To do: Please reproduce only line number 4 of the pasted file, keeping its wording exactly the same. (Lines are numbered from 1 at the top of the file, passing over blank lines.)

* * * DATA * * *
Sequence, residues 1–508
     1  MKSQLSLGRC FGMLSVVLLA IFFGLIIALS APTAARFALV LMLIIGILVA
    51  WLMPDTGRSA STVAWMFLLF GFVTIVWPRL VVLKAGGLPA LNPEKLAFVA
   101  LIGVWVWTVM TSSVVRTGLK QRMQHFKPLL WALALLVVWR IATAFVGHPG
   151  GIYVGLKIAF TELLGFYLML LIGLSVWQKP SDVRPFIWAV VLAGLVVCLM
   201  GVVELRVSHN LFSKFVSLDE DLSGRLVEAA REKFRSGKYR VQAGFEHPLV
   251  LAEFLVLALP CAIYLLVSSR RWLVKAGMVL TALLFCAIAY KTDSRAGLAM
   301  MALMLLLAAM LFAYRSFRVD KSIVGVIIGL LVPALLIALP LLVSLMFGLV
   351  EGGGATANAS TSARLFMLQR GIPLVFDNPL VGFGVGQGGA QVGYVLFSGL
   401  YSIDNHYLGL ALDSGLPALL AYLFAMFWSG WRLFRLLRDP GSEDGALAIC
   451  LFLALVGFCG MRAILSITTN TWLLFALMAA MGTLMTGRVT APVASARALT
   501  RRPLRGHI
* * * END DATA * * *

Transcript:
   101  LIGVWVWTVM TSSVVRTGLK QRMQHFKPLL WALALLVVWR IATAFVGHPG